Dozens go to vigil for Oxnard player hurt in SLO game


About 50 people gathered at Sierra Vista Regional Medical Center on Monday evening to hold hands and pray for the recovery of Adrian Padilla, an Oxnard High School football player who was severely injured in a game Friday.

The vigil was intended for San Luis Obispo High School football players and their families and was organized by the Fellowship of Christian Athletes, or FCA, and the support group Moms in Touch.

Padilla, a senior safety with the Oxnard team, suffered a serious concussion in the Friday night game against San Luis Obispo High School. According to witnesses, he was able to walk off the field but collapsed on the sidelines. He underwent emergency brain surgery over the weekend.

Padilla remains in critical but stable condition in the hospital’s intensive care unit, said Ron Yukelson, Sierra Vista spokesman.

Padilla’s mother, Martha Arenas, was at the prayer vigil but did not speak to the media. The event was lead by Luke Llamas, who acts as a chaplain for several local teams for the FCA.

Llamas and others have visited Padilla in the hospital and found the football player to be conscious and responsive. Llamas said he was able to squeeze his hand.

“He seems like a very brave young man,” Llamas said. “He has a lot of spirit.”

In a statement issued Monday, Oxnard High Principal Eric Riegert said, “Adrian remains hospitalized but is showing some good signs. As of yesterday, he was able to recognize his family members, move all extremities and could respond with ‘thumbs up’ to questions. Despite this, he is still in very serious condition, so we will need to think good thoughts for him.”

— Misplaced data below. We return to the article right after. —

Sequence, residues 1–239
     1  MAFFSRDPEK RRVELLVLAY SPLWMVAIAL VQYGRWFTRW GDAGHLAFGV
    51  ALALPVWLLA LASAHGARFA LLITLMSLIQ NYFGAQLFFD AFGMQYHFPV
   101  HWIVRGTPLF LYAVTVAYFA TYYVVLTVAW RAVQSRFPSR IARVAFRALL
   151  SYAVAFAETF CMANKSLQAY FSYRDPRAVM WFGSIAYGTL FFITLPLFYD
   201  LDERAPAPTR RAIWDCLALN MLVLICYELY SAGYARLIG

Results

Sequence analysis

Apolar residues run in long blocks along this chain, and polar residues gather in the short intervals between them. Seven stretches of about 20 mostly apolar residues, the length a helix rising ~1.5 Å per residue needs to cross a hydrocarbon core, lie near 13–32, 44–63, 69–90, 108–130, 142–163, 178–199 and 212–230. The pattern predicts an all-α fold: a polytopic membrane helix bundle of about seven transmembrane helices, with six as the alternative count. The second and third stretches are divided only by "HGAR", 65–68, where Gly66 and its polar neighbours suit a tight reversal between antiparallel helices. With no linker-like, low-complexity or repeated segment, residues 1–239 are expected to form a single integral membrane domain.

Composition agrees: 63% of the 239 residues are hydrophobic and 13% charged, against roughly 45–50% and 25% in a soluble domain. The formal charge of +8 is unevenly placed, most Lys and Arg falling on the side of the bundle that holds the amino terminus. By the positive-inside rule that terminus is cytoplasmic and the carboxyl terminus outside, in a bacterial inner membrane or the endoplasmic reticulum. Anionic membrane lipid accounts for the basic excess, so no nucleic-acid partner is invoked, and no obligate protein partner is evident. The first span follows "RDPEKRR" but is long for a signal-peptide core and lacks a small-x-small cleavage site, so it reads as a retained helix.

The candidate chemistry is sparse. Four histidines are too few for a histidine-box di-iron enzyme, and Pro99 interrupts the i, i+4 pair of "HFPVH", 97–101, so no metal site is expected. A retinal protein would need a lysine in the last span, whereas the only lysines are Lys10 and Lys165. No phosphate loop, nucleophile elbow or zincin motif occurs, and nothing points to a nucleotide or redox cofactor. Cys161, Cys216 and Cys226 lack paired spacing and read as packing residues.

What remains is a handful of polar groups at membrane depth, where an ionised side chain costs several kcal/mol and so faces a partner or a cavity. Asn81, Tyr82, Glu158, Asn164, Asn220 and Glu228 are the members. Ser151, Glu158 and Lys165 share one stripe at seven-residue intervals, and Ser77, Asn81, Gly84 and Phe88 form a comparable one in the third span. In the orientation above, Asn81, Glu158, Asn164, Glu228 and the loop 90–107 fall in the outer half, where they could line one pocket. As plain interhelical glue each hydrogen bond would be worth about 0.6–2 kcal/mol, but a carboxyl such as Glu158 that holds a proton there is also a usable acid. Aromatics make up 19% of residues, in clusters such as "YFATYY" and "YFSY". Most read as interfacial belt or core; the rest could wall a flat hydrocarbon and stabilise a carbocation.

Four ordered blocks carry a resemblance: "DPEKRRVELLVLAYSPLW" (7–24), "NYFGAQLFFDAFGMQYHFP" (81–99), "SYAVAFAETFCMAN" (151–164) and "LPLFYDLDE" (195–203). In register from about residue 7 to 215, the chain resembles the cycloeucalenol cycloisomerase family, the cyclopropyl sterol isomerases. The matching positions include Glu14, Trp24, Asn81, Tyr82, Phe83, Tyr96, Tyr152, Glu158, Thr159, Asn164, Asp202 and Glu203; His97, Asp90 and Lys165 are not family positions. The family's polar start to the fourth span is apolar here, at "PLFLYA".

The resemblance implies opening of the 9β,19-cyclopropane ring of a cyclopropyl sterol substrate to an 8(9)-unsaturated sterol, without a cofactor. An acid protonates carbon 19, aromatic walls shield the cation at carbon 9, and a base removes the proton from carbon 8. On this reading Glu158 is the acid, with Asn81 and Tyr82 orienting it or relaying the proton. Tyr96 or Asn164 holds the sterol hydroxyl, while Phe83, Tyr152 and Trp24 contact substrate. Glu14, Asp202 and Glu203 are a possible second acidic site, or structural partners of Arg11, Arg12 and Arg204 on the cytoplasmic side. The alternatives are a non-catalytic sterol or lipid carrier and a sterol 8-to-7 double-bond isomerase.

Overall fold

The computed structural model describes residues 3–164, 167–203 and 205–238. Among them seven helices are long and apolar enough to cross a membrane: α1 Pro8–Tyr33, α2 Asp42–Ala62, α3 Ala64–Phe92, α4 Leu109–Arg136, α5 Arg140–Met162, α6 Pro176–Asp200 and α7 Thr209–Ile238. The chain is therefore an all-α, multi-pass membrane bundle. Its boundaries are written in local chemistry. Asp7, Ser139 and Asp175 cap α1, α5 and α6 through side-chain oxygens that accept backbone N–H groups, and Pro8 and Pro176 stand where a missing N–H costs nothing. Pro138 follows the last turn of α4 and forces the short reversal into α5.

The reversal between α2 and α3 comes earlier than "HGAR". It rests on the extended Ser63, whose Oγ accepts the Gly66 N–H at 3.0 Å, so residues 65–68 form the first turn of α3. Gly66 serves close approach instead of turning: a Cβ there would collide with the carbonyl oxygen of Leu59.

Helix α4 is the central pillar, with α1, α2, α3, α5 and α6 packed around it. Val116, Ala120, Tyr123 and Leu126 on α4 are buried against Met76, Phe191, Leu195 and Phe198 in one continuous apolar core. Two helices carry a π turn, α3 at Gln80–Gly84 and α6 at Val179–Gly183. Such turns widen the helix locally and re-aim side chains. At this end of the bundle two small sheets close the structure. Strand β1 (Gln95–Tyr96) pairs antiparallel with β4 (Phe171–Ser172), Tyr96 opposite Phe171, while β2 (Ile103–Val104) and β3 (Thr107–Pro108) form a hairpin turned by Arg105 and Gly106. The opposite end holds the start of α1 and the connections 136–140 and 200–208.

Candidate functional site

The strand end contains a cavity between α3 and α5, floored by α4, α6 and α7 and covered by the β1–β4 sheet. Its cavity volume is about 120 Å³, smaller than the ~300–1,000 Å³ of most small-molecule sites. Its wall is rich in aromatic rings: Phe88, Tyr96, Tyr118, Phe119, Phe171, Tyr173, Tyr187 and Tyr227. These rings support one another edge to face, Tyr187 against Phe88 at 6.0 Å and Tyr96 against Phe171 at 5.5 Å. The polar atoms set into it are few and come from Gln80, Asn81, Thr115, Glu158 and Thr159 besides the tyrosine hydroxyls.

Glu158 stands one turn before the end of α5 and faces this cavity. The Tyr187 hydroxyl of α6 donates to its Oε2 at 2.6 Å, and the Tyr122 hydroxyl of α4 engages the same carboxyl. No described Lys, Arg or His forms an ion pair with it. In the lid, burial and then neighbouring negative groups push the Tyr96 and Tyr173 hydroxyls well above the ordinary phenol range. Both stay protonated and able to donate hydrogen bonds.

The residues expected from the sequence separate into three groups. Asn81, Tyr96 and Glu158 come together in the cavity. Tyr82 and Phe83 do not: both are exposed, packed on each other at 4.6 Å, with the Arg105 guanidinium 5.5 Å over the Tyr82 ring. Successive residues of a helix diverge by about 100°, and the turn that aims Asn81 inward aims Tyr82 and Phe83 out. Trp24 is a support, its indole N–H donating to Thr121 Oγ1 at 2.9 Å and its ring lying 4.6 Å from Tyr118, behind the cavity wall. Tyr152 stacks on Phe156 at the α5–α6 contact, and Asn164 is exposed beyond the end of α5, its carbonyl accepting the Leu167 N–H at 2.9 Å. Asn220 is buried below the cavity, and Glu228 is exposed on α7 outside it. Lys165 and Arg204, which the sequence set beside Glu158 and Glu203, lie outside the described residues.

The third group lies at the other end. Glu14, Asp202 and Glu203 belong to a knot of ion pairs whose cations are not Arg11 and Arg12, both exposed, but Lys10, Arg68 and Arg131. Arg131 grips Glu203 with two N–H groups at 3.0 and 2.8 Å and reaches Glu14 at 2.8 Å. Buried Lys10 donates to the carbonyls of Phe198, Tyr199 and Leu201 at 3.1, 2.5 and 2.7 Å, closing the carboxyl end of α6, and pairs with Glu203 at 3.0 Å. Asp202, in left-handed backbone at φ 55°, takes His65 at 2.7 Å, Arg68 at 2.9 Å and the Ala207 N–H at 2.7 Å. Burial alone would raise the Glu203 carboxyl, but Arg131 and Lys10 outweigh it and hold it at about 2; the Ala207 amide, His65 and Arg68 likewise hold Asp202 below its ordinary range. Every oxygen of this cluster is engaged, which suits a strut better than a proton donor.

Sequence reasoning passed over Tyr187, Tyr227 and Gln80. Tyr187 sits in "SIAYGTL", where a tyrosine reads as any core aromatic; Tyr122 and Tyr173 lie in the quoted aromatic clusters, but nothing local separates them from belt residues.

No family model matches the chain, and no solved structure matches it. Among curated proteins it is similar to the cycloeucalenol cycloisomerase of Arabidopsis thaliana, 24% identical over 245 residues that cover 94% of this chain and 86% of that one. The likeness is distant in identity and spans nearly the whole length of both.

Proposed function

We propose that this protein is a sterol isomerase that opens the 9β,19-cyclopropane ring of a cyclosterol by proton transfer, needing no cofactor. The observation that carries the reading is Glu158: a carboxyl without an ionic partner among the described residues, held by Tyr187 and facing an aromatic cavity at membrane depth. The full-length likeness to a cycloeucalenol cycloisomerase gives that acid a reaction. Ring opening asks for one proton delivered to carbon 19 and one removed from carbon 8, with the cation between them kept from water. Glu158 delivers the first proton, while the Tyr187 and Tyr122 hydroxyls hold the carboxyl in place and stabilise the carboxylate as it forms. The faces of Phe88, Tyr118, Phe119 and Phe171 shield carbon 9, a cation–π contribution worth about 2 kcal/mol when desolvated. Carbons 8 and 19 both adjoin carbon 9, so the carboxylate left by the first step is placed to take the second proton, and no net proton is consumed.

San Luis Obispo High School Principal Leslie O’Connor said the support Padilla and his family have received has been “amazing and truly uplifting.” This includes lodging, food and lots of moral support.

An account has been set up for donations at Santa Barbara Bank and Trust under the Adrian Padilla Benefit Account.

Amy Kardel, whose son Haven is a freshman offensive lineman at San Luis Obispo High, said the incident has been upsetting to the players and shows the fragility of the human body.

“There are risks to playing and there are risks to not playing,” she said.

The risks of playing are injuries such as this and the risks of not playing are higher obesity levels and kids getting in trouble because they are bored, she said.

Padilla’s classmates at Oxnard High are also shocked by the incident. Oxnard senior Matt Ramon said the mood on campus Monday was somber as students tried to comprehend what happened to Padilla.

“Nobody wanted to talk about it because it’s just so sad,” Ramon said. “Nobody mentioned it. Everybody was just quiet.”